Senate Republicans are joining school food service directors in pushing for relief from federal nutrition standards as Congress reauthorizes school meal programs. 

“When schools are facing financial strain and doing their best to feed children during the pandemic, I find it alarming that schools would also be required to implement strict nutrition standards for which product is not available,” the top Republican on the Senate Agriculture Committee, Arkansas Sen. John Boozman, said at the outset of a hearing Thursday on child nutrition reauthorization. 

The Obama administration imposed new limits on sodium and requirements for whole grains under the 2010 Healthy, Hunger-Free Kids Act. During the pandemic, the Agriculture Department has allowed states to provide schools with waivers from those and other nutrition standards.

The School Nutrition Association, which represents school system nutrition directors, wants the waivers extended through the 2021-2022 school year and also is lobbying Congress to use the child nutrition reauthorization bill to ease the whole grain and sodium requirements.

Under current rules, the sodium limit for a high school student’s lunch is supposed to drop from the current cap of 1,080 milligrams to 740 milligrams in 2024.

The American Academy of Pediatrics, American Heart Association and other public health advocates released a letter ahead of Thursday’s hearing urging lawmakers to increase nutrition standards in line with the latest federal dietary guidelines, which were finalized in December.

“As rates of food insecurity and child obesity rise, the importance of healthy school meals has taken on new urgency,” AAP President Lee Savio Beers, a Washington, D.C., pediatrician, told the committee.

“It is critical we build on the progress made under the Healthy, Hunger-Free Kids Act, to improve the nutritional quality of all foods available in schools so that they are aligned” with the dietary guidelines, she said. Since 2010, a limit on added sugars has been added to the dietary guidelines. 

Diane Golzynski, director of the Michigan Education Department’s office of health and nutrition services, said the 2024 sodium limits were challenging but doable. "It's something that we should just continue to work on, even if we have to lengthen the amount of time it takes to get there," she said.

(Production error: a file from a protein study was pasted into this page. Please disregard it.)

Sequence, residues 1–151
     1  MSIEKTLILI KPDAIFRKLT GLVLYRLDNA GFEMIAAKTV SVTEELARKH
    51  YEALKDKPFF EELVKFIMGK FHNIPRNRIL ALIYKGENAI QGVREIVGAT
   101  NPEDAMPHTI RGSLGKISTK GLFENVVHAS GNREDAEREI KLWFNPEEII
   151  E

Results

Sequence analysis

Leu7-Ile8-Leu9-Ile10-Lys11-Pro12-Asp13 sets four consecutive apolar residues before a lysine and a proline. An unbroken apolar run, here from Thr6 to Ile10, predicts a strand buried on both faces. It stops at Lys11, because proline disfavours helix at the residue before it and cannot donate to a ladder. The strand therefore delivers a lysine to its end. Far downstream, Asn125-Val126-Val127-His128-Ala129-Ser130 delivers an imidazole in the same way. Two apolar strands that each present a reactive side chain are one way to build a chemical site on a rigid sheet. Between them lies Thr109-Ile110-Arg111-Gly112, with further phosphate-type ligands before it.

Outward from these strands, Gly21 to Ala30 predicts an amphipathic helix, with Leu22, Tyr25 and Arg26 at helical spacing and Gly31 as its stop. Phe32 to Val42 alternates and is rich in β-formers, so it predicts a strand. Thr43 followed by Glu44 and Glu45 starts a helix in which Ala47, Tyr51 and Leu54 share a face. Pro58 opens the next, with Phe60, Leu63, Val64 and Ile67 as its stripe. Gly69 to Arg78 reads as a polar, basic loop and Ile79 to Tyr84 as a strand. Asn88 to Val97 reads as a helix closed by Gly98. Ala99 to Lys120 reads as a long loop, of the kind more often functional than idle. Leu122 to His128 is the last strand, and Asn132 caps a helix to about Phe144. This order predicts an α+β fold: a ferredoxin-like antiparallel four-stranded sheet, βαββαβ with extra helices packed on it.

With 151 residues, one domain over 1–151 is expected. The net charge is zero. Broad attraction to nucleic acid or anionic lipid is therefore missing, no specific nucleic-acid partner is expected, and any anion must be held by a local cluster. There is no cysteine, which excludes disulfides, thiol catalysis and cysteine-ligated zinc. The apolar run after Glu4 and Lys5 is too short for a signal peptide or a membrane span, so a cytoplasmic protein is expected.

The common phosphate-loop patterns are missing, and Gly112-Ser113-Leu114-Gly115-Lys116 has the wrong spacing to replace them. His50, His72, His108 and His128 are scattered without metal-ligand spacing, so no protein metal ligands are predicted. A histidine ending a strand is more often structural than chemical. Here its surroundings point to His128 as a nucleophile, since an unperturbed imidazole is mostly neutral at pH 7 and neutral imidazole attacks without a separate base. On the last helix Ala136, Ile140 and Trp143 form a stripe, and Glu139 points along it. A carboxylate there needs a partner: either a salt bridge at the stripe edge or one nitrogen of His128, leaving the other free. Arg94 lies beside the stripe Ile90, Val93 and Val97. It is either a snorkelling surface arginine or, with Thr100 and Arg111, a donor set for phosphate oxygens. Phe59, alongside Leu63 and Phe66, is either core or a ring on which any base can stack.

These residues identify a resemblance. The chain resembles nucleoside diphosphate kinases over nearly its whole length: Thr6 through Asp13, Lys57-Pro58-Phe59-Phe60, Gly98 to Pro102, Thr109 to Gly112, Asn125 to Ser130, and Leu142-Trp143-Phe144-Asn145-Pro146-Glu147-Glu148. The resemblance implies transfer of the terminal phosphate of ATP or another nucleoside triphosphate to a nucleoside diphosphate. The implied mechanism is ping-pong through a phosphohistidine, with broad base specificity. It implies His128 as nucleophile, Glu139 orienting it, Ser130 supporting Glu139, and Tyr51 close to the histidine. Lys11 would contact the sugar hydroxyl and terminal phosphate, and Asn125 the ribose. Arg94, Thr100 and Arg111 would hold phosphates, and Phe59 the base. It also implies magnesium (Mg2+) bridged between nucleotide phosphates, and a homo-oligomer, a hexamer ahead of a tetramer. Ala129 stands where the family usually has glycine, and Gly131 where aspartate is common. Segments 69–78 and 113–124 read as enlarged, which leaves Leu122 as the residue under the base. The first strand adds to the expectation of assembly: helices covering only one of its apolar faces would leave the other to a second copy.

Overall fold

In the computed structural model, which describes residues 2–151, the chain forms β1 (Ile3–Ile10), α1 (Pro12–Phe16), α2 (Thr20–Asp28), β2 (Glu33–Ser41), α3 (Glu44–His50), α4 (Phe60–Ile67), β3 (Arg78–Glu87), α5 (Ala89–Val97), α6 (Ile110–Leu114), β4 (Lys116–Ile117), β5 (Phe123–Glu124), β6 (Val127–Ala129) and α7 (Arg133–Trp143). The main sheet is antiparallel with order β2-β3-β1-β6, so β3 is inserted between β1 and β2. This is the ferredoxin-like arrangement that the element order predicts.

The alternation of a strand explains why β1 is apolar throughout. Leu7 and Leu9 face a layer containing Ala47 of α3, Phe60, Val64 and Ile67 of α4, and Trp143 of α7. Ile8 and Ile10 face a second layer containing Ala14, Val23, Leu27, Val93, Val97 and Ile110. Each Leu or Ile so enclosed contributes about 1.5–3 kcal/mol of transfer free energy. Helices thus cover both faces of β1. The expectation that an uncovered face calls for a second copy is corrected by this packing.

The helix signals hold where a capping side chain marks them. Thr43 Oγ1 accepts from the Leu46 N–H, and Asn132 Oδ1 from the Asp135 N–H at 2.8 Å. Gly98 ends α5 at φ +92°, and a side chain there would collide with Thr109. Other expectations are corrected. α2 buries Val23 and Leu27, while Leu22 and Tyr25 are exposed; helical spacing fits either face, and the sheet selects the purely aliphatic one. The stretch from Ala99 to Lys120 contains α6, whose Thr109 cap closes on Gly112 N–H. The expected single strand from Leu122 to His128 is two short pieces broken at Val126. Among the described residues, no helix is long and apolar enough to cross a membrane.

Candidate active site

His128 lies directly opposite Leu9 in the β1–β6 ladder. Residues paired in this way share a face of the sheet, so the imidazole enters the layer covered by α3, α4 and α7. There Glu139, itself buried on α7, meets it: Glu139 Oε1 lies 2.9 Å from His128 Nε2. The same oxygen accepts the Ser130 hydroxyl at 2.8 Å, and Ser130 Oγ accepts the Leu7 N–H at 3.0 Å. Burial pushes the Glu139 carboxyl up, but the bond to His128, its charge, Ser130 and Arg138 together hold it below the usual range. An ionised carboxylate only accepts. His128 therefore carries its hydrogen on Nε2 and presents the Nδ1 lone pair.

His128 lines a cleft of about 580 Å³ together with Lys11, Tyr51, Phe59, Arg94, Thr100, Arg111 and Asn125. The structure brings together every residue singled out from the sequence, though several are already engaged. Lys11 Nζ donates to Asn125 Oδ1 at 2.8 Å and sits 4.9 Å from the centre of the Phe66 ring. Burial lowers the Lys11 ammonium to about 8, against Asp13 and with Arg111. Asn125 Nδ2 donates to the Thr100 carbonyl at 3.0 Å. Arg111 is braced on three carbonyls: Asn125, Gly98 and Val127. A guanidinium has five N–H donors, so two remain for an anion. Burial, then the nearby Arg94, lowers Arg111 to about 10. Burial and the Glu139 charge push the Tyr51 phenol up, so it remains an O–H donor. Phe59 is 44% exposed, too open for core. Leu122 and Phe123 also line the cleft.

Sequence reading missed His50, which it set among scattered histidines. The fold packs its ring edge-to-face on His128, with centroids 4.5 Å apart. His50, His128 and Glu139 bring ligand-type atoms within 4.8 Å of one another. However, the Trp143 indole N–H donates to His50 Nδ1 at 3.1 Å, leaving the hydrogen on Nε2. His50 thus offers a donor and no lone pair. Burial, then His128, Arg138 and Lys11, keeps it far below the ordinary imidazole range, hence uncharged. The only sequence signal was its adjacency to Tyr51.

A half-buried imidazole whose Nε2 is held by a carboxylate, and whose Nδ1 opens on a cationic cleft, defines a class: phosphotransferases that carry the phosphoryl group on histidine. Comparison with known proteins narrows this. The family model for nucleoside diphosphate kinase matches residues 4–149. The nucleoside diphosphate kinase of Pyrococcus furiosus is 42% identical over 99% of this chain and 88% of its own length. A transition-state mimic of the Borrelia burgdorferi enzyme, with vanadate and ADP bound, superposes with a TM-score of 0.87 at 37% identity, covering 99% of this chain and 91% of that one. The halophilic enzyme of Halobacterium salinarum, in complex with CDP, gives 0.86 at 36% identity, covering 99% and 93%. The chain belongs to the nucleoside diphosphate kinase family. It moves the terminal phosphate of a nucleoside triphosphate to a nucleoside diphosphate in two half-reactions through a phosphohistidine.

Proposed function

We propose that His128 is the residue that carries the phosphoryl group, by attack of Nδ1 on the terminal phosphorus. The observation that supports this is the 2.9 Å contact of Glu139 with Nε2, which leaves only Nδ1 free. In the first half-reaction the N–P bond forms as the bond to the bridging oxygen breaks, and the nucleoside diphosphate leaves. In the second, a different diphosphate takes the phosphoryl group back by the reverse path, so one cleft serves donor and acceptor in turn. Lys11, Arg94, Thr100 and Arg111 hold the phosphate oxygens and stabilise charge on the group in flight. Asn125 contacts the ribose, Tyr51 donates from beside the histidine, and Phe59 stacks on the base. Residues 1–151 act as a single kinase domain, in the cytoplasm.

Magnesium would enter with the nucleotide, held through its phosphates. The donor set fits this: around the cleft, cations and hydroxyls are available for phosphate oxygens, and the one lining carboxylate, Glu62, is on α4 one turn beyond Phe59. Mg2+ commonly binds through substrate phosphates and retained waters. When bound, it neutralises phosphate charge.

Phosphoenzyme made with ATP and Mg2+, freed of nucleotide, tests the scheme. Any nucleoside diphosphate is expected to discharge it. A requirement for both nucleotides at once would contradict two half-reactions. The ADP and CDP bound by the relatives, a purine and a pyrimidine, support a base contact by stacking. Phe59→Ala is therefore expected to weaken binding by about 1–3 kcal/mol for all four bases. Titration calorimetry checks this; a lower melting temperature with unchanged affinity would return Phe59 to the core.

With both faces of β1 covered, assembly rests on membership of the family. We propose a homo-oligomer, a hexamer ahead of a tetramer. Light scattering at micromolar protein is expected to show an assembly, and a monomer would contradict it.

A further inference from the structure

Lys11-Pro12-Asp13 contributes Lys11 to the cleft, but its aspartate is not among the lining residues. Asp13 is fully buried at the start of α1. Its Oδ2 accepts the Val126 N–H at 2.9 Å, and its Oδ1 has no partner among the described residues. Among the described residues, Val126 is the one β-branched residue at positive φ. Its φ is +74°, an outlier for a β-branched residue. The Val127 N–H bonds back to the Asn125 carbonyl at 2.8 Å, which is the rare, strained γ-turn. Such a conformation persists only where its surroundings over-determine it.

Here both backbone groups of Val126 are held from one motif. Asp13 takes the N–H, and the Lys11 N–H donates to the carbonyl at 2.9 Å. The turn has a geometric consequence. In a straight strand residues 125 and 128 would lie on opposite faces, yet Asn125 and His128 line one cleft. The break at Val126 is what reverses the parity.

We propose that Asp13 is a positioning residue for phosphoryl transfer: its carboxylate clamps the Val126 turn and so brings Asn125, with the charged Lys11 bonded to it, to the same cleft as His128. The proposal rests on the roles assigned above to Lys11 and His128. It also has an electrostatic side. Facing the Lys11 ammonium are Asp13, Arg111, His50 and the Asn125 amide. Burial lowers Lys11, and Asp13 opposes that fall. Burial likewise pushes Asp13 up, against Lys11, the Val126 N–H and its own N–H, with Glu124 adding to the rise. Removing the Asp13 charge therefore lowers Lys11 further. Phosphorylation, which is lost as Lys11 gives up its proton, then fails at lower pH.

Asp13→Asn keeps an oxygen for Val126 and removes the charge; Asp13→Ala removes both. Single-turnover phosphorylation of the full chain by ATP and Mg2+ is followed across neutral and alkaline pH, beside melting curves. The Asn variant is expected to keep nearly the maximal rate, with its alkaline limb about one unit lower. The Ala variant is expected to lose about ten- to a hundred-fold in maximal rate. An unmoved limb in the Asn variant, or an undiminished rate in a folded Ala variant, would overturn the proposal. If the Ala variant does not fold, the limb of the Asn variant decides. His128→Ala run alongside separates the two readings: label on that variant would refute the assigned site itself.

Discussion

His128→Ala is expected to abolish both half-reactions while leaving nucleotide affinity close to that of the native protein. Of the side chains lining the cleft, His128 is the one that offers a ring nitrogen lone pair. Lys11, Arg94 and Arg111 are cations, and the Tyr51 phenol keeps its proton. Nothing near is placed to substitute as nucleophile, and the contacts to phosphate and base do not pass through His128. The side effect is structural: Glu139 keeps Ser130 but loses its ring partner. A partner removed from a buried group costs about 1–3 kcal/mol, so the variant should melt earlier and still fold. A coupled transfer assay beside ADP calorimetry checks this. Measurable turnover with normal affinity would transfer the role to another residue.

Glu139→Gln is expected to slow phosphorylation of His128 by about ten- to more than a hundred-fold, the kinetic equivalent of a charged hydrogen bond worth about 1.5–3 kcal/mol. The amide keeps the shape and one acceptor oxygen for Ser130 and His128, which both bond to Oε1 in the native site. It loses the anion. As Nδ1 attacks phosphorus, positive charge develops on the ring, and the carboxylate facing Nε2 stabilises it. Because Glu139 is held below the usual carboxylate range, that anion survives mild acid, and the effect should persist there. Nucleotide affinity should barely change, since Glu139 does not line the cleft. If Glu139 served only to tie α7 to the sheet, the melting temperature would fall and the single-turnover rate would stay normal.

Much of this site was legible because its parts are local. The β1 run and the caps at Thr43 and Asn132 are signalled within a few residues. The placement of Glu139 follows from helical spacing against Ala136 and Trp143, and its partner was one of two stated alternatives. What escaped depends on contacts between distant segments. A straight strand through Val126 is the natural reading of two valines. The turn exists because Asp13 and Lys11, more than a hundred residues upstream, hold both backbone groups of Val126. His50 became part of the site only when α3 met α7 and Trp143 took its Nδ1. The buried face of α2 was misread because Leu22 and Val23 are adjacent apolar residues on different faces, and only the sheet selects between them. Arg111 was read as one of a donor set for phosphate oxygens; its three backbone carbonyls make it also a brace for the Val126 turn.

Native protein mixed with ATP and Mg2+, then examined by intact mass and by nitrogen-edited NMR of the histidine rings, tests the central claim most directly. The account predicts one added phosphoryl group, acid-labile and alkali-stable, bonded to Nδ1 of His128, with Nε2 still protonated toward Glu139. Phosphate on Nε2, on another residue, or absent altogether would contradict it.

Agriculture Committee Chairwoman Debbie Stabenow, D-Mich., has given little indication so far as to whether she wants to tighten nutrition standards in the reauthorization bill, a move that would make it significantly more difficult to get GOP support. She could leave that issue to Agriculture Secretary to tackle administratively under his existing legal authority, experts say.

Stabenow did mention child obesity in her opening statement, saying “the COVID-19 pandemic has only exacerbated the dual challenge of obesity and hunger."

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Jessica Gould, director of nutrition for the Littleton, Colo., school system in the Denver suburbs, said existing sodium limits were already difficult to comply with, often forcing schools to reformulate meal items in ways that make them unpalatable to many students.

“Many meal staples like a turkey and cheese sandwich on a whole grain bread, or a salad with chicken breast and no dressing, and any of our scratch-made items, including our students’ favorite marinara, would be cut” from school menus if the 2024 limits take effect, said Gould, who represented SNA at the hearing. 

Committee Republicans joined Boozman in siding with the school nutrition directors.

A pizza that complies with the 2024 sodium limit, known as “tier 3," “is basically a piece of cardboard without cheese on it … I just don’t think children are going to eat tier-3 diets,' said Sen. Roger Marshall, R-Kan., an obstetrician. 

He also argued for serving whole milk in school meals, arguing that the fat is needed to absorb key vitamins. “There is such a thing as good fat,” he said.

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